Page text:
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Not ‘heroes’ nor martyrs, doctors’ mental health also needs support


“In the same way this pandemic has brought up grief, distress and the experience of isolation for other members of the community, [healthcare workers] are also going through that ourselves. It’s compounded for some working in emergency departments and intensive care, who are also managing the disability and death of people as a result of COVID-19.”

More than 15 per cent of Victoria’s new coronavirus infections are among healthcare workers, according to figures released this week, and 1800 were reportedly infected as of August 8. When the Black Dog Institute released an app last week to help medical workers connect with mental health support it was downloaded 1200 times in a few days.


Many in the health sector are loath to reach out, according to the Black Dog Institute’s chief psychiatrist, Associate Professor Sam Harvey, who hopes giving health workers access to a way to do it discreetly will help.

“Health workers are uniquely bad at asking for help when they need it. It’s sort of ingrained in the training: illness is something that happens to other people not us,” says Dr Harvey, who also leads the Workplace Mental Health Research Program at the UNSW School of Psychiatry.

“We know lots of healthcare workers are really struggling at the moment, we know from the literature coming out of places where COVID has been surging for longer that it puts an awful lot of strain on them and obviously an awful lot have mental health symptoms of feeling overwhelmed.

“Evidence suggests one in 10 end up with longer-term mental health conditions from working on the front line in a pandemic,” Dr Harvey said.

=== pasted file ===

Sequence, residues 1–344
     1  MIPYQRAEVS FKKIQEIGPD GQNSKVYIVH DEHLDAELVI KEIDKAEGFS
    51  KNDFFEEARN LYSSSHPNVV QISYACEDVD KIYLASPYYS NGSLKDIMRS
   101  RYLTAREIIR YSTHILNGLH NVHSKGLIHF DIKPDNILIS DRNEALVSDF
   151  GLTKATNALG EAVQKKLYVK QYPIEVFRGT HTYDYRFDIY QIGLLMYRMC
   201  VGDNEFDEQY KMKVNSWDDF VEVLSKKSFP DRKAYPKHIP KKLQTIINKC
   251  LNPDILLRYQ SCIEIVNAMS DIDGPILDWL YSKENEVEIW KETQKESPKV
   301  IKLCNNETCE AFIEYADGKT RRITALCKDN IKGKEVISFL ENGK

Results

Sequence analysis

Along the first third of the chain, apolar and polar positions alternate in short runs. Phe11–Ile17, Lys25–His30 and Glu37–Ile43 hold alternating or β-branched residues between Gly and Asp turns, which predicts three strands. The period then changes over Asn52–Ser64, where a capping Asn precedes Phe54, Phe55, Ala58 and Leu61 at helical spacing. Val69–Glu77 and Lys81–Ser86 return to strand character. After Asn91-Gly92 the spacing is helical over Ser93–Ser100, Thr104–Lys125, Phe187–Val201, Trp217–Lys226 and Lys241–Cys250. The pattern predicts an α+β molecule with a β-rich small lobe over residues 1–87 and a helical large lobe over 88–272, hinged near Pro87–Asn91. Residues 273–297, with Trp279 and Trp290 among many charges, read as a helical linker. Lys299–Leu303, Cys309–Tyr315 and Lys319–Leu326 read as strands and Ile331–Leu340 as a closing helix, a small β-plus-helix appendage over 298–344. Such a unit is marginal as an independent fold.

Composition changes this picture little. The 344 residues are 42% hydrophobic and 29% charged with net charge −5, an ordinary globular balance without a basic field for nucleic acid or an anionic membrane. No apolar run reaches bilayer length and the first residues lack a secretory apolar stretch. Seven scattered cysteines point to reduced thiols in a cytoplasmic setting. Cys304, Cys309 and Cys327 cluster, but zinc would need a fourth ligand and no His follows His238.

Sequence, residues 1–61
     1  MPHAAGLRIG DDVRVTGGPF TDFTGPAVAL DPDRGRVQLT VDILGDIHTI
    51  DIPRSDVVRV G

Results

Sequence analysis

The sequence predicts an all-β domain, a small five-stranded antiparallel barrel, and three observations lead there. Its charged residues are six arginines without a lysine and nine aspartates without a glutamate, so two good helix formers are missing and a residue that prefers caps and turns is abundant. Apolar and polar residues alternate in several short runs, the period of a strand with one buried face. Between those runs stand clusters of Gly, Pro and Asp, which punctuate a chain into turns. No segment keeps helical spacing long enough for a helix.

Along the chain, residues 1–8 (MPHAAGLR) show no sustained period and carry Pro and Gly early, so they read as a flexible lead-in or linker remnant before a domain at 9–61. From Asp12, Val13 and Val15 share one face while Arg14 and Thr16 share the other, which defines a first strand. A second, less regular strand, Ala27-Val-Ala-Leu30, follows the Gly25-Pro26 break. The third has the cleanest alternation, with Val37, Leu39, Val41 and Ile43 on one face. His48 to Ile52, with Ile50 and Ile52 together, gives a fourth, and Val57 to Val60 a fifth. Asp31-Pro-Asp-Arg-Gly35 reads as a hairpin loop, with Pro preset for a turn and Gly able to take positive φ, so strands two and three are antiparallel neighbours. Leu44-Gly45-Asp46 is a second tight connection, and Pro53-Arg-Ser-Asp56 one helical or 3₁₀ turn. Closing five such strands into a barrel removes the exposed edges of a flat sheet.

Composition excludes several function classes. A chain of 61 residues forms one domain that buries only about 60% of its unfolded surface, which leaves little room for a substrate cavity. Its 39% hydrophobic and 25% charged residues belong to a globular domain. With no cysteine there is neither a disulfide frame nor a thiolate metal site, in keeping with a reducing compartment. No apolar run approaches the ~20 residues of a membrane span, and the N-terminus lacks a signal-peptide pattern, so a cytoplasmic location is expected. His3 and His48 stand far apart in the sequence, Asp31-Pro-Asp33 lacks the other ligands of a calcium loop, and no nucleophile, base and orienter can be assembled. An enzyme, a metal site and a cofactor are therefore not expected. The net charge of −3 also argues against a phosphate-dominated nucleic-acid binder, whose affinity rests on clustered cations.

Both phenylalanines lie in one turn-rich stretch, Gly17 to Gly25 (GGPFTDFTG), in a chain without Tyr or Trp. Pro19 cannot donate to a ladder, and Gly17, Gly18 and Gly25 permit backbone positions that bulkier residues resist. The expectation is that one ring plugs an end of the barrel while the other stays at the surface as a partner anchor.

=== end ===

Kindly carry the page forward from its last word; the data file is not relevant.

The thing that keeps you going is the people you work with, these amazing people who keep turning up.

Dr Simon Judkins, Austin Hospital

Dr Simon Judkins, acting director of the Austin Hospital, said doctors had the advantage of at least “getting out of the house and going to work”, but that “right now is a particularly stressful point”.

“It’s dark when you leave for work and dark when you get home and you spend your day dressed in plastic … People are getting worn out, some people are getting COVID infections contracted in the work environment, there is the never-ending angst.

“The thing that keeps you going is the people you work with, these amazing people who keep turning up,” he said.

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He said Black Dog’s The Essential Network (or TEN) app, which was developed by healthcare professionals to help others obtain quick access to evidence-based resources and specialists, and which the organisation believes could be adapted for the wider community, would make it easier for doctors to get help as it removes the perceived stigma of accessing care at work.

Dr Kinder says she would definitely download the Black Dog app: “One of the positives I’ve seen in the pandemic is at least at the junior level there’s a lot of collegiality and looking out for peers and colleagues in the health sector, and a lot of open and frank discussion around the psychological impacts … Increasing opportunities to find resources is really important.”

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